Obviously, good taste went out the window right from the start. Pepsi was accused of “appropriating a nationwide protest movement” resulting in police shootings. Even worse, they used Kendall Jenner who once mistook a protest rally for her own fan club. Forget that she’s never been the slightest bit political. She’s still got 77 million Instagram followers and Pepsi figured that’s all it took. So there’s Kendall, throwing off her blonde wig, fist bumping an Indian cellist, and then handing a can of Pepsi to a cop.
Who could have a problem with that, other than a few million members of Black Lives Matter. “We don’t have ice buckets filled with Pepsi at our rallies,” one black woman pointed out. “And we don’t go handing out cans of pop to cops when they’re holding pepper spray.”
All good points, and certainly something Pepsi overlooked. Like I said, they live in their own “globe.” They even took their advertising in-house, a silly mistake in itself. When advertising goes in-house, it’s a sorority. Nobody’s going to tell you your commercial could start a race riot. They’re probably still wandering around their offices now, wondering why they lost their parking spots and executive washroom privileges.
You can imagine O’Reilly going on air, saying it’s a sad day when a “young, pure white girl like Kendall Jenner,” has to suffer scorn and ridicule. “What’s America come to when we can’t protect the rich and innocent? And who loves her Mercedes-Benz more than Kendall Jenner?”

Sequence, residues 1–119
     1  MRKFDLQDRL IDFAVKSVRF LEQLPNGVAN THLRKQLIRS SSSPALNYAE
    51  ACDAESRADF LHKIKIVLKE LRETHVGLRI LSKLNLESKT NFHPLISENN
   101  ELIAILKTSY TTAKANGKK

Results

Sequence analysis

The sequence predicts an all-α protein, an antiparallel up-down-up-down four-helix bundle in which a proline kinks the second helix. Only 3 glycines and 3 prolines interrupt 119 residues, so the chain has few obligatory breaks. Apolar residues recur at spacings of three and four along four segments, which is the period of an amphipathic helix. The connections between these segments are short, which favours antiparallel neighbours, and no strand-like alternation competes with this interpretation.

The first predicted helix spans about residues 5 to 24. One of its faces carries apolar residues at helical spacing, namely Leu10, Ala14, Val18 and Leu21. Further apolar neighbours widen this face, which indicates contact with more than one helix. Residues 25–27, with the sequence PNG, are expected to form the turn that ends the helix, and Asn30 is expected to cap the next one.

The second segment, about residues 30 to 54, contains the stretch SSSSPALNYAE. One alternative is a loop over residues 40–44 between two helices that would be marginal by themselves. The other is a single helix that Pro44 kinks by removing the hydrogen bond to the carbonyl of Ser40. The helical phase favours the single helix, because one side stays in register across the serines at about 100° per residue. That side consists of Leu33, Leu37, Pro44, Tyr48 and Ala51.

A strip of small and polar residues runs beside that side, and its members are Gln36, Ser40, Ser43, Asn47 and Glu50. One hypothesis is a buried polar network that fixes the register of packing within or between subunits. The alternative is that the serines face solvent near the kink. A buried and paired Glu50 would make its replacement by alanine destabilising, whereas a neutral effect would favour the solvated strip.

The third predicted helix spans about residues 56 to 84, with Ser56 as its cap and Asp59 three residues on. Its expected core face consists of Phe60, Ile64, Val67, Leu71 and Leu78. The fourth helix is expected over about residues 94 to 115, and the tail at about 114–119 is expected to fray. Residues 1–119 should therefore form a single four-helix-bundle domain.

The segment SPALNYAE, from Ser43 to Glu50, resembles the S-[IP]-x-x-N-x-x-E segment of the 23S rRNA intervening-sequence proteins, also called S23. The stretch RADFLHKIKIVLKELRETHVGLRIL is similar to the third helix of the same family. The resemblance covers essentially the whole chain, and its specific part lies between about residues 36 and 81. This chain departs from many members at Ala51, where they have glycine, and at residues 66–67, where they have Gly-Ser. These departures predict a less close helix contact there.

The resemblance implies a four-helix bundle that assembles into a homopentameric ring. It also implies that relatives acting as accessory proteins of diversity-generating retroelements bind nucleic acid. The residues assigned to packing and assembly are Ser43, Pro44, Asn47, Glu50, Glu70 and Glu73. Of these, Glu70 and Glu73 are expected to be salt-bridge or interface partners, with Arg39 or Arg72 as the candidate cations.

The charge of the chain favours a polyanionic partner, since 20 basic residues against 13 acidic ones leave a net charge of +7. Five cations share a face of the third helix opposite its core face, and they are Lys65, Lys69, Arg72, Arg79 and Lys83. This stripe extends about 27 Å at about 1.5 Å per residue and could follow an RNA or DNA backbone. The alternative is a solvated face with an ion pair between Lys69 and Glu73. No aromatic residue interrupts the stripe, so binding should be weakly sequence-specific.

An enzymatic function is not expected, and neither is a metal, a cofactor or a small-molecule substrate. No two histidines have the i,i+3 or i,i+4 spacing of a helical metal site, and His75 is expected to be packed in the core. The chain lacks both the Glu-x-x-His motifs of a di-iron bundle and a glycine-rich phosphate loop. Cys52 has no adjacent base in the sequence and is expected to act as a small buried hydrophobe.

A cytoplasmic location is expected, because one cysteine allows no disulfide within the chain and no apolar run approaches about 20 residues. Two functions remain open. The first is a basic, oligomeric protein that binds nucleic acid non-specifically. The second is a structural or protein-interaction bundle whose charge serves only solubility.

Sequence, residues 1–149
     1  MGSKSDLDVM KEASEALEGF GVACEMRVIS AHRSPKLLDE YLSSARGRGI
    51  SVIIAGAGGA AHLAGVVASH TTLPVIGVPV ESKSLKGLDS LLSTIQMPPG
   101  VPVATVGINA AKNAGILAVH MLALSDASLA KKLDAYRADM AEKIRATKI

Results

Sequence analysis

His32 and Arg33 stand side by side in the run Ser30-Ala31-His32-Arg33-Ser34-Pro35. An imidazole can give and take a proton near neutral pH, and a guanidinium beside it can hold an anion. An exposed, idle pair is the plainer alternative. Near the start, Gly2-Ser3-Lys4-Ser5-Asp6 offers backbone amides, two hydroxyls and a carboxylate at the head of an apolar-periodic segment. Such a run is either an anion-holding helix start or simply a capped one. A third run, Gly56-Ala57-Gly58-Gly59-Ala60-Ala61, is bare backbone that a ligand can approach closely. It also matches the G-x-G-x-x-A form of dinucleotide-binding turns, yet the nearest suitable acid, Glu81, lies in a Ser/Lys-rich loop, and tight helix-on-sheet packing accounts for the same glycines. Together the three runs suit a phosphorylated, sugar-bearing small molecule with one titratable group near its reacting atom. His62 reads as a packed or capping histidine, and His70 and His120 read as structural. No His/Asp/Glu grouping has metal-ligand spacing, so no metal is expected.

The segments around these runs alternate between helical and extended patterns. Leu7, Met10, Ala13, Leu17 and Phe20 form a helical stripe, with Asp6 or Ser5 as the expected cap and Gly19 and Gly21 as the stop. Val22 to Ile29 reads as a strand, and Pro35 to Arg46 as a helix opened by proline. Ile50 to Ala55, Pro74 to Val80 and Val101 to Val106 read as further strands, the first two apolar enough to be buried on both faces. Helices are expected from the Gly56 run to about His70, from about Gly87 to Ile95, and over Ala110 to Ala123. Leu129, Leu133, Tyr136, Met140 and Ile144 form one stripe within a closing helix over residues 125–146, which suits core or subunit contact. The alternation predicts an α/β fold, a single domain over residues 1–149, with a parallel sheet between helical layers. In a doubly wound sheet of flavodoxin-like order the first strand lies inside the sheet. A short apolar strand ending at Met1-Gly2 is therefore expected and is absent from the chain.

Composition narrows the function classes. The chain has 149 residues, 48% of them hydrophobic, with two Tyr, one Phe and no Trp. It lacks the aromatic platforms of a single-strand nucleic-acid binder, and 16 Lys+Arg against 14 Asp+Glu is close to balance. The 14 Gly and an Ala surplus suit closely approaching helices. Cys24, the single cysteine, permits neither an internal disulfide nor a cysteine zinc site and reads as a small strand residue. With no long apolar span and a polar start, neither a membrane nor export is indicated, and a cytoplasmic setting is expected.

Does Kendall Jenner actually have a Mercedes-Benz? It doesn’t matter. When the riot dust settles, O’Reilly will keep his time slot, and Pepsi will eventually clean up their mess. “Okay,” they’ll say, “I guess we’d better avoid protests and stuff. I still think Kendall Jenner was a good move. We’ve got seventy-seven million Instagram followers drinking Pepsi now.”
Well, maybe they do, but it’s more likely those followers are wondering why real protests don’t have buckets of Pepsi. Or, more importantly, why Kendall was interested in a cellist. Doesn’t she only go out with athletes and rappers like her sisters?
I think everyone’s confused at this point — including Kendall Jenner and most of the fist-bumping cast. It seems you can’t have a whitebread, tone-deaf, model-turned-protester commerical, without someone being offended. And they might have a point. We certainly didn’t have this kind of scrutiny back in the old days. Then again, we knew where to draw the line. Nobody ran commercials with Bill Cosby standing on the Washington Memorial steps saying, “I have a dream…” and holding up a Pepsi.
Then again, we didn’t have Bill O’Reilly back then, either. He came along when America needed him, when he promised to tell it like it is — only he didn’t. Maybe that’s the great thing about slow news weeks. You see who’s left at the trough. This time it was O’Reilly, Jenner and Pepsi. Fortunately, their troubles will go away with the summer releases. That’s when the happiest are blind, hogs laugh and sexual harassment cases are laid to rest.
We don’t stay mad for long.
Robert Cormack is a freelance copywriter, novelist and blogger. His first novel “You Can Lead a Horse to Water (But You Can’t Make It Scuba Dive)” is available online and at most major bookstores. Check out Yucca Publishing or Skyhorse Press for more details.